Tyler Dawson

June 2, 2021

-National Post


Over the course of the pandemic, the federal government doled out more than $9 million in relief funding to people who had died prior to the COVID-19 outbreak, according to federal government documents — and the estates of those who received the money won’t need to pay it back.

In June 2020, the Liberal government announced one-time payments of $600 to Canadians with disabilities, to help defray the cost of the COVID-19 pandemic. All total, 1.7 million Canadians — living and dead — received funding under this program.

The documents, first reported by Blacklock’s Reporter, an online Ottawa news outlet, show benefit payments were also made to 4,637 people with addresses outside of Canada, but they do not give a monetary value for the total amount paid out.

The information is contained in a response from Employment and Social Development Canada to an inquiry of ministry, made by Jamie Schmale, a Conservative member of Parliament from Ontario.

“This one-time payment was intended to provide financial support to the person with the disability. Caregivers, survivors, and dependents were not eligible for this payment,” the documents say. “If an individual was eligible for more than one of the disability programs captured by the eligibility criteria, they only received one one-time payment to persons with disabilities.”

This money was paid to those who had valid 2020 Disability Tax Credit certificates, and were eligible as of July 1, 2020 for various other disability programs from, for example, Veterans Affairs Canada or Canada Pension Plan Disability.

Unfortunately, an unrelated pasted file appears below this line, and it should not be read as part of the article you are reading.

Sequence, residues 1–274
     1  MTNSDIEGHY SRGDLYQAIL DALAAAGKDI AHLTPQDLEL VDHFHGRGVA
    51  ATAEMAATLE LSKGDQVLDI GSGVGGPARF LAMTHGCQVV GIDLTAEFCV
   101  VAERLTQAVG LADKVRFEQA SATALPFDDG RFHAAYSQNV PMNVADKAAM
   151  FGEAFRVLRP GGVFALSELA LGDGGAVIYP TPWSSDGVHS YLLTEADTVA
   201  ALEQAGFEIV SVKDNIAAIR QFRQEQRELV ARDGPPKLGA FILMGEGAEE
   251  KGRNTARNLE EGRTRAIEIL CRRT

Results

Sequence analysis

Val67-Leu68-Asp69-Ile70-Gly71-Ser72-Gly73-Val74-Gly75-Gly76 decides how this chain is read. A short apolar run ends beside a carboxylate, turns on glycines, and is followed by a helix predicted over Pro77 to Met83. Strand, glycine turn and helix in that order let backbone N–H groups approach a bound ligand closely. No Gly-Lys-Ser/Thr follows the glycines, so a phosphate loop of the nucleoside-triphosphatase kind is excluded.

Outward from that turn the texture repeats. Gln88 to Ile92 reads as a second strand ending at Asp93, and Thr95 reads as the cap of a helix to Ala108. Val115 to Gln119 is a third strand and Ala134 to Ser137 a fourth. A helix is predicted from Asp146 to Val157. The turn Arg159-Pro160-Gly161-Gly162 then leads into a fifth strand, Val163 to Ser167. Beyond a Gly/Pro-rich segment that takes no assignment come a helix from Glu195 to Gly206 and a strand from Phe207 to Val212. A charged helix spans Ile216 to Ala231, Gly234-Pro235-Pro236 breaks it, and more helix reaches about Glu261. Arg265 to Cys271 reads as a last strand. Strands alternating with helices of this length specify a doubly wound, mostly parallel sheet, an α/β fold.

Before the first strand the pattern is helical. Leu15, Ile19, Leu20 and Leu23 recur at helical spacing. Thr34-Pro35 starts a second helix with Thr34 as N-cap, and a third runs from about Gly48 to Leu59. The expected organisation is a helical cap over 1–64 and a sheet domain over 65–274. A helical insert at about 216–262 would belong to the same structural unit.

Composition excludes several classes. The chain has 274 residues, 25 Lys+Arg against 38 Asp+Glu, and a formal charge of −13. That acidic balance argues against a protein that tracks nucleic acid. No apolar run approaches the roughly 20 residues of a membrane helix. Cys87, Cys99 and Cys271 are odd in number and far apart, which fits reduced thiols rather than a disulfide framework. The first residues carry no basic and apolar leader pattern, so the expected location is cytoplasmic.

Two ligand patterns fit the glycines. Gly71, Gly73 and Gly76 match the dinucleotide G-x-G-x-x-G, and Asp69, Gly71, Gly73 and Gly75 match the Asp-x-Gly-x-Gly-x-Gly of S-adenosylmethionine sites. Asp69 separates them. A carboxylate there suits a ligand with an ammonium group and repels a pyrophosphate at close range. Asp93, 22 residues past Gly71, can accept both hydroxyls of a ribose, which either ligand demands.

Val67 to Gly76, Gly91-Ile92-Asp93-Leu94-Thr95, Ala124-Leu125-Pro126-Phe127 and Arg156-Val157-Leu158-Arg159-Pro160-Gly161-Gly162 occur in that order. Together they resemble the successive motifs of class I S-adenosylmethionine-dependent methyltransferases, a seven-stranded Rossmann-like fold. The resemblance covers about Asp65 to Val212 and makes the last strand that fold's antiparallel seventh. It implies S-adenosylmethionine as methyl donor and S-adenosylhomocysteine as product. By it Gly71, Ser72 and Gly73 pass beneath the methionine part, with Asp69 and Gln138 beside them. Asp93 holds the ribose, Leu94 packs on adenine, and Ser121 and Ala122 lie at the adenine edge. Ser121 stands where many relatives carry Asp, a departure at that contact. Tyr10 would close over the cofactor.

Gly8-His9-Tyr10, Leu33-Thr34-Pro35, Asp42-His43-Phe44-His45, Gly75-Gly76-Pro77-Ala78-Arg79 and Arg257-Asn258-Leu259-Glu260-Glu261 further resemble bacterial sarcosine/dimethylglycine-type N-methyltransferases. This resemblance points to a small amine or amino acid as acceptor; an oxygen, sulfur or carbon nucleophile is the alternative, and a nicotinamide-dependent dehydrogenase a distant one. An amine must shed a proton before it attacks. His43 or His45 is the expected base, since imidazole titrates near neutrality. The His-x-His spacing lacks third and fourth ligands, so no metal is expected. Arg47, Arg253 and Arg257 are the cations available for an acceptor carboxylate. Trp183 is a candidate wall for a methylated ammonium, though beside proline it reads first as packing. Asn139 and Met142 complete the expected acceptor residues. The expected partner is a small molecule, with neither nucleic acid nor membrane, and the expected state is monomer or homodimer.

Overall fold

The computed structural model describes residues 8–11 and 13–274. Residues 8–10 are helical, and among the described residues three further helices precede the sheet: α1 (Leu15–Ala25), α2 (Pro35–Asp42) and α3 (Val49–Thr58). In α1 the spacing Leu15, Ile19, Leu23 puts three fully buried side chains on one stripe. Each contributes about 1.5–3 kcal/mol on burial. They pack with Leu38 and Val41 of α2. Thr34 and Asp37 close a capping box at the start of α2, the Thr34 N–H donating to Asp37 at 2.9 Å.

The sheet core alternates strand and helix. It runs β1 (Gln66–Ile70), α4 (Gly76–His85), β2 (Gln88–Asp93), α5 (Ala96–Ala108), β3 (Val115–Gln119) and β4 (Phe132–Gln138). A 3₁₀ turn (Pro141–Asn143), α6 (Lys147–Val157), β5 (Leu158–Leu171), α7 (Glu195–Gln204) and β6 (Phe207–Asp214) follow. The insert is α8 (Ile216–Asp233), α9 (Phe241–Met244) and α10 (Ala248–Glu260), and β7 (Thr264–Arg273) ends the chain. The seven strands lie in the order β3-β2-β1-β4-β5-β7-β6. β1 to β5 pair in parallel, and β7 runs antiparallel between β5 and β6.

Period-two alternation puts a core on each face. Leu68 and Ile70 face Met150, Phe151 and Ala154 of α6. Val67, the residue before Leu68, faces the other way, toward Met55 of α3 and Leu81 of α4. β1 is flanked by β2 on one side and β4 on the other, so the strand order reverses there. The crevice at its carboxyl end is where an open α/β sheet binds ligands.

The government says the payments made to the deceased happened because families of those who have died need to update their loved one’s information with each government department or program — and may not have done so.

“In some cases, information for persons with disabilities may not have been up-to-date because the Government did not receive the individual’s updated personal information, or because of late or incomplete tax filing,” the document says.

Those administering programs, such as the Canada Revenue Agency and Veterans Affairs Canada, said they did exclude those for whom they had updated death information.

The documents say payments totalling $9.2 million were made to 15,398 people who had died, but were eligible for the Disability Tax Credit. The estates of another 11 people eligible for Veterans Affairs Canada programming on its own, or in combination with the tax credit, received a total of $6,600.

The government said that while any overpayments made under the program will “be accrued in the financial accounts of the Department of Employment and Social Development as debts owed to the Crown,” these one-time COVID-19 benefits sent to dead Canadians will not need to be repaid.

The government explained that since the 2020 Disability Tax Credit is good for an entire year, “their estate was eligible to receive this payment.”

The Opposition Conservatives said the payments are another example of “Liberal mismanagement” of taxpayer money and called on the government to claw back the money.

“The simple fact is that Canadians can’t afford more of this Liberal incompetence,” said Raquel Dancho, Conservative shadow minister for future workforce development and disability inclusion, in a statement. “That’s why Canada’s Conservatives are calling on the Liberal government to recoup this money and actually spend it on Canadians with disabilities.”